In classical mythology, the figure known as the Trickster takes many guises. In Judeo-Christian beliefs, it is known as Lucifer or Satan. In Native American folklore, it’s called Coyote. The Norse knew it as Loki. Even modern parables such as comics have their own version in the form of the Joker. Widely spaced belief systems, both geographically and temporally, all came up with the same basic notion: a being so clever and devious that it could win our trust, grant our wishes, and make all our dreams come true. But at a price: everything.
|Just ask Faust.|
The Trickster can be seen as evil, as the figure of Satan is in many religions today. Some, such as Coyote, are more playful and mischievous. But from a wider perspective, the Trickster is a force of nature that protects humanity from its own tendency toward excess. In granting us our deepest wishes, it forces us to face our true selves, the selves we keep hidden from the world and even our own waking minds. If we give into the temptation, we become corrupted. Some, like Jesus, were able to resist these temptations and remain true to themselves. In fact, that is essentially the most fundamental role of many religions: to keep the Trickster at bay.
I can’t be certain that there are actual Tricksters out there, toying with our hearts and minds, but I do know that corruption is real, and it is born out of our successes. The old phrase “absolute power corrupts absolutely” is a commentary on this phenomenon.
(I should point out that not all corruption is of the “good turning evil” variety. Corruption could be seen as emotional rust, or a layer of dust, or increasing carelessness in our lives or the failure of remaining vigilant in our quest for self-actualization.)
I’ve seen this tendency toward corruption many times in the general field of UFOlogy and paranormal research. Many honest researchers seem to become enamored of their own tales and the daring truths they uncover, and they are rewarded with fame, or fortune, or renown. Some win awards, some sell millions of books, some have movies made about them. But sooner or later, many (if not most) of them become laughingstocks not only to society at large, but to their own following. They become so blinded by their apparent success at discovering the secrets of the universe that they lose perspective and cease to question things; that is, they stop doing the very things that brought them their success in the first place.
This, of course, can be said of any industry, not just the study of the paranormal. But I think when discussing paranormal studies, UFOlogy, and Contactees in particular, it strays closer to the classical mythological context than it does in, say, modern politics or the tech industry.
The Contactees, beginning with George Adamski, rose to great prominence on the strength of their stories. As in any population, the Contactees had their fair share of deceivers and folks in it for a quick buck, but many of them were absolutely sincere. They had real experiences, or at the very least, thought they had. They rode this wave of success for a decade or so before cracks began to appear.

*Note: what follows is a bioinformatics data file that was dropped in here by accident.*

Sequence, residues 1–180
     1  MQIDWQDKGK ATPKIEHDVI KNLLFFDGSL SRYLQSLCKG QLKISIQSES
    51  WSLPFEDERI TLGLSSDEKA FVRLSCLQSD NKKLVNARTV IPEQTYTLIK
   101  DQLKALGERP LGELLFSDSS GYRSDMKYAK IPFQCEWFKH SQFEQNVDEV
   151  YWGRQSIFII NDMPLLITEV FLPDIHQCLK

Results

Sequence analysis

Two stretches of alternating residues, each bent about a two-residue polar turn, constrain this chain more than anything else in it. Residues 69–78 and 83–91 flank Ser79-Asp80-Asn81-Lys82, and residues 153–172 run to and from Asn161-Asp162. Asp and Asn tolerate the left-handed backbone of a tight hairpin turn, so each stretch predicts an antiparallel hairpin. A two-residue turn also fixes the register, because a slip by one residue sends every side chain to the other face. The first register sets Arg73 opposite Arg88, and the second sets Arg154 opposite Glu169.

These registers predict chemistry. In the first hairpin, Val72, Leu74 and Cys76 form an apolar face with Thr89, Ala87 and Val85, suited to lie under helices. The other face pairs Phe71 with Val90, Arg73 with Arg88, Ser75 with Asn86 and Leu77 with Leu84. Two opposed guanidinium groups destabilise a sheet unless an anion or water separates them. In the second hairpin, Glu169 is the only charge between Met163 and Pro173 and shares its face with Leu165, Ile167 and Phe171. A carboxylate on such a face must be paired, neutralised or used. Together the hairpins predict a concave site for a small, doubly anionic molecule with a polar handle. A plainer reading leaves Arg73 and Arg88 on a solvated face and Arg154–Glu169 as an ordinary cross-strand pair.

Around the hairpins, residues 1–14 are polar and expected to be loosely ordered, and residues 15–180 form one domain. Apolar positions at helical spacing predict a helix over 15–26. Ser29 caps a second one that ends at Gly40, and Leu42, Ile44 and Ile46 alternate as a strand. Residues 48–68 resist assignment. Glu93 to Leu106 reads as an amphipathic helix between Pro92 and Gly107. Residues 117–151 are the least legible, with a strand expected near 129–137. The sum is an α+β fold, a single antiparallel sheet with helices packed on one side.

Where great crowds once gathered to hear them speak, they eventually found themselves relegated to living rooms where the few remaining true believers could easily fit. Sometimes, their stories that seemed relatively plausible–i.e. that they had met a being from another planet who was just here to help–had transformed into more and more surreal galaxy-spanning stories of derring-do. They left the masses behind–those who’d not been fortunate enough to have these experiences could no longer relate to these stories. Or maybe it was that society moved on to different interests, leaving the Contactees behind, who desperately tried to reclaim their relevance.
Either way, their great success eventually collapsed under its own weight. Was it the doing of some outside force? Were the Space Brothers actually manifestations of Loki or Coyote, tricking these people into thinking they were from Venus or Mars or Saturn, and then pulling out the rug from under them for their own amusement? I’m not here to say. The idea of a Trickster is at once a terrifying and weirdly comforting thought for me; on the one hand, it suggests that any one of us could fall victim to this effect without any warning. On the other, it suggests that society as a whole will always be kept away from the brink by this supernatural system of checks and balances.
|Loki, from a medieval illuminated manuscript. You were expecting Tom Hiddleston?|
Some have suggested that many of the Contactees did indeed have valid initial experiences; they actually met beautiful blonde flying saucer pilots in the Mojave who told them of peace and love. But then they were abandoned by the flying saucers altogether (a classic Trickster technique), and turned to fabricating ever more elaborate tales to outdo one another and maintain their position of fame or prominence.
I’ve seen this effect happening before my eyes in other fields, and if nothing else, it is a fascinating window into the mind of humanity. We flail about until something strikes a chord, then we beat it mercilessly until it gives up every drop of whatever it has to give. Whether the tales of the Contactees are true or not, they stand, like every great religious parable or myth, as reminders of our own nature.